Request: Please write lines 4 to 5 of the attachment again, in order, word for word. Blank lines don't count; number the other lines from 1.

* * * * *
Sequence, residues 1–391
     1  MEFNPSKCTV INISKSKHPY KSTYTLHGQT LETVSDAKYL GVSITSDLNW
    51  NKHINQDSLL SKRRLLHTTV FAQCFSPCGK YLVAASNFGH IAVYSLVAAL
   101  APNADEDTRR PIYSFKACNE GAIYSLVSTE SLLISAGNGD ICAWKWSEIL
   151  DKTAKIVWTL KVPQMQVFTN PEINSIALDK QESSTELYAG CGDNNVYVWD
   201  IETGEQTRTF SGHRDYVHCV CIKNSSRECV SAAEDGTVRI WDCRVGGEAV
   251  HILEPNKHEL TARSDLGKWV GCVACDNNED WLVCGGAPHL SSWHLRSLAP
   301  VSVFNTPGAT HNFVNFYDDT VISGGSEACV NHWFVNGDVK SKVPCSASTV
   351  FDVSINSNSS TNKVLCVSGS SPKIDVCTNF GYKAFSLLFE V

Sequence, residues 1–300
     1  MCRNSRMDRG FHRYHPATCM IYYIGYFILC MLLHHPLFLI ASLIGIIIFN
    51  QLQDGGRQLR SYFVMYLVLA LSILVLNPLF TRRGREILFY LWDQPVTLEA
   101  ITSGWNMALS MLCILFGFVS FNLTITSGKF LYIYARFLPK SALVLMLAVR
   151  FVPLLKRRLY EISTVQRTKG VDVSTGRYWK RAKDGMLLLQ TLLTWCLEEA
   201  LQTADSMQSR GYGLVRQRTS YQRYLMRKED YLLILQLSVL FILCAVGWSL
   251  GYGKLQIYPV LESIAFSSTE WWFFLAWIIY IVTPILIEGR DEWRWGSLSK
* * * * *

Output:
   101  APNADEDTRR PIYSFKACNE GAIYSLVSTE SLLISAGNGD ICAWKWSEIL
   151  DKTAKIVWTL KVPQMQVFTN PEINSIALDK QESSTELYAG CGDNNVYVWD